UK's relationship with Europe is black cloud for business warns WPP chief

Sir Martin Sorrell, chief executive of media and advertising giant WPP, has said that the UK's precarious position in Europe is "the big black cloud" on the horizon for British business.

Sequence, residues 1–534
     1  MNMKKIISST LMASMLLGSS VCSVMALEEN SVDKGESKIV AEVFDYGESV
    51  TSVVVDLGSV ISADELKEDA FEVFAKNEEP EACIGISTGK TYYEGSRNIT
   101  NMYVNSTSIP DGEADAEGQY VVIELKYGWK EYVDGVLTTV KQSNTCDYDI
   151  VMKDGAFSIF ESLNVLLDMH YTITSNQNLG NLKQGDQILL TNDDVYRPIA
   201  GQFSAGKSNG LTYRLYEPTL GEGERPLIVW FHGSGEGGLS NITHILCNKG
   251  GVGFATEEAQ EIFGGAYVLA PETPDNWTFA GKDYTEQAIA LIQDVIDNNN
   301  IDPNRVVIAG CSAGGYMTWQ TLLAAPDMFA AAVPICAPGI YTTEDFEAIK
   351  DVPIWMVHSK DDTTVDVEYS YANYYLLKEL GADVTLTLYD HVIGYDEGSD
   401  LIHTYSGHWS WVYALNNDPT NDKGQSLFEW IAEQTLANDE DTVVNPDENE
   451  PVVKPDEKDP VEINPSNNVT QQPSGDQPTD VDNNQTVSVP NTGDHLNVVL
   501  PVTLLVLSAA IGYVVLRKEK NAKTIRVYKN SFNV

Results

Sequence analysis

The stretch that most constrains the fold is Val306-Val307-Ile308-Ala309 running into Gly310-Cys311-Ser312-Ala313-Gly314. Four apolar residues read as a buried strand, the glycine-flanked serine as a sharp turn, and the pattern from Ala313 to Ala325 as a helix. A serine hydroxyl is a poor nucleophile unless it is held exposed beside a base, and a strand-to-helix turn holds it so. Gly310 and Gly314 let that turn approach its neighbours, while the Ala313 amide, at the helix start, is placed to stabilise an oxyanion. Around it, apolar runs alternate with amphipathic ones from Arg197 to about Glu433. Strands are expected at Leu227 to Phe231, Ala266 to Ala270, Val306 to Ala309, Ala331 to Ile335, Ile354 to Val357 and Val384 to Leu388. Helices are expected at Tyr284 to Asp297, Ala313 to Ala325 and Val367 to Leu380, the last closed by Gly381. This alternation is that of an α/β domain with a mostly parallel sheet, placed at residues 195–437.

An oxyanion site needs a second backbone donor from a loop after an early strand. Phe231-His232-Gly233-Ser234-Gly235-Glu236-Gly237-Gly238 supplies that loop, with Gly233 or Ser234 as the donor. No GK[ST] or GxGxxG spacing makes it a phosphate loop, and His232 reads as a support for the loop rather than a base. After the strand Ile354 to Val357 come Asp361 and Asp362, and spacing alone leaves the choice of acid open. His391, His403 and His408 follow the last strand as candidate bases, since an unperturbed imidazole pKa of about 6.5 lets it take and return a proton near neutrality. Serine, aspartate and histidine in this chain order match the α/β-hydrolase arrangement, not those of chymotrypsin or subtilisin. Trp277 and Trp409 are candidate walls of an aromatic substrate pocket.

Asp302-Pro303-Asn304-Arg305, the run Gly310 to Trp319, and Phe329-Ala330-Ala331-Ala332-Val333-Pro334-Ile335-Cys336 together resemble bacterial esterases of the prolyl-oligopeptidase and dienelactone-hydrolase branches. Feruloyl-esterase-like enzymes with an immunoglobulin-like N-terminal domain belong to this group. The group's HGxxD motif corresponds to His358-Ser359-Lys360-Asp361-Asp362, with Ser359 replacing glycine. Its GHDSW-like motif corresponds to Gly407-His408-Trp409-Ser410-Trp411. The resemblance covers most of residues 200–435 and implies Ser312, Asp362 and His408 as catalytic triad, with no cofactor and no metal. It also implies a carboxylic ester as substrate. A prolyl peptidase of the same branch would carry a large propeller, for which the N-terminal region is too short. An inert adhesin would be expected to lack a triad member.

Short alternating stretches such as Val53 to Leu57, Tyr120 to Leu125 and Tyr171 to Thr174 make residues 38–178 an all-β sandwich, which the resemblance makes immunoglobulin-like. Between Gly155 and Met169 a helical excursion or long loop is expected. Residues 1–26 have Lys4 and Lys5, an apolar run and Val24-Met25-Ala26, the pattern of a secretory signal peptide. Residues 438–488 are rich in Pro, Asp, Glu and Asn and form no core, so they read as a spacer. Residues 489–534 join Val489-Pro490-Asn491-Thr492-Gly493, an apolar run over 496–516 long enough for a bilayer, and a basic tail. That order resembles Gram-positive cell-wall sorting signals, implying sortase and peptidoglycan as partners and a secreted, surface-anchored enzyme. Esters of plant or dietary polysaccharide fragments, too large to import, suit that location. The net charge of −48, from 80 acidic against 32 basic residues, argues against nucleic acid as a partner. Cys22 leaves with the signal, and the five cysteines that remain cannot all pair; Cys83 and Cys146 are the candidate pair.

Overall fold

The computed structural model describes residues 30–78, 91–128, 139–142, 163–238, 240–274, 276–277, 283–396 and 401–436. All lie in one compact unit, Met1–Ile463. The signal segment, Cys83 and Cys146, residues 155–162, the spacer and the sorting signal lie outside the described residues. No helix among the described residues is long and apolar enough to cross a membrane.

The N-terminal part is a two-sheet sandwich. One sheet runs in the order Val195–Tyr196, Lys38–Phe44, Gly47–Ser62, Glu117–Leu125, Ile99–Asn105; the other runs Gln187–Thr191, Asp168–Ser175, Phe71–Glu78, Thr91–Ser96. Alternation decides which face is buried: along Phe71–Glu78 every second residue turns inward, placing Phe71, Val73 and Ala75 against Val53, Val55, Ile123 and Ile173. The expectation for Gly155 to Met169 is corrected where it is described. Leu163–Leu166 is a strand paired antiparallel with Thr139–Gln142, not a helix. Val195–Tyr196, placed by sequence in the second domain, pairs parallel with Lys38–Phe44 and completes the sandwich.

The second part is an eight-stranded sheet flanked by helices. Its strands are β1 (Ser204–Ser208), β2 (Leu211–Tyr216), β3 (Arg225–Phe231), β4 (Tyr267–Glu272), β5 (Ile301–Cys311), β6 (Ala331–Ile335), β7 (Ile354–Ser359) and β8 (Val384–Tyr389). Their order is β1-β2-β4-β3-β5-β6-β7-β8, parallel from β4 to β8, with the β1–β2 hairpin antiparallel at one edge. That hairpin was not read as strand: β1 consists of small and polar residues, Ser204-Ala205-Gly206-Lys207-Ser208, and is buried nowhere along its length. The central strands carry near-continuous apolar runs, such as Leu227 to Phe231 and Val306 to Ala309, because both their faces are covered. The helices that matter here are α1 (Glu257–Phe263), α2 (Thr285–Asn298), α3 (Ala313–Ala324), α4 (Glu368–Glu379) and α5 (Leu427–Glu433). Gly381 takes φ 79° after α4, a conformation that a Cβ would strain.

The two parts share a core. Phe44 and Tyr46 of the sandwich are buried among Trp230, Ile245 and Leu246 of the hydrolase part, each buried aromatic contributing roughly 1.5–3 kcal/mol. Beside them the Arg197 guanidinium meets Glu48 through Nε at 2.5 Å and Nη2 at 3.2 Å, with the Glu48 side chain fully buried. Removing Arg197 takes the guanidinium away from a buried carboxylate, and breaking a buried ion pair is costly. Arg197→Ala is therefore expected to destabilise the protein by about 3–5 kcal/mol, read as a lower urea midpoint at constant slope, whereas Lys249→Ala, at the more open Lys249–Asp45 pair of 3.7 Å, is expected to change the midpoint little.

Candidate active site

Sir Martin Sorrell, chief executive of media and advertising giant WPP, has said that the UK's precarious position in Europe is "the big black cloud" on the horizon for British business. Speaking at the Telegraph Festival of Business, the WPP chief said, "The biggest cloud on the horizon, on the basis that the Conservatives are in government, is Europe. I think that is the big black cloud. It introduces a level of uncertainty among investors looking at the UK. That's the hornet's nest." Sorrell's comments echoed those of CBI director general John Cridland on Friday. Cridland articulated fears that the case for EU membership from business will be swept away by anti-immigration sentiment. At the festival of business, Sorrell pointed to high levels of unemployment among young people as the main concern for the European economy. "The general level of unemployment at the youth level is twice the level of the wider workforce in many cases. There's a political cost here: we see it in France, we see it in Spain, we see it in the UK." Sorrell said it's disillusioned young people who are driving the shift towards political extremes in Europe. He characterised UKIP's policy on immigration as "totally unacceptable". Over the weekend UKIP came under further high profile fire. Sir John Major called UKIP 'profoundly un-British'. Speaking on The Andrew Marr Show the former UK Prime Minister said, “The policies of UKIP, the direction of UKIP is, it seems to me, profoundly un-British in every way. They are anti-everything. They are anti-politics, they are anti-foreigner, they are anti-immigrant, they are anti-aid. I don’t know what they’re for. “We know what they are against, and that’s the negativity of the four-ale bar. That’s not the way to get into parliament and not the way to run a country.” Source: The Telegraph

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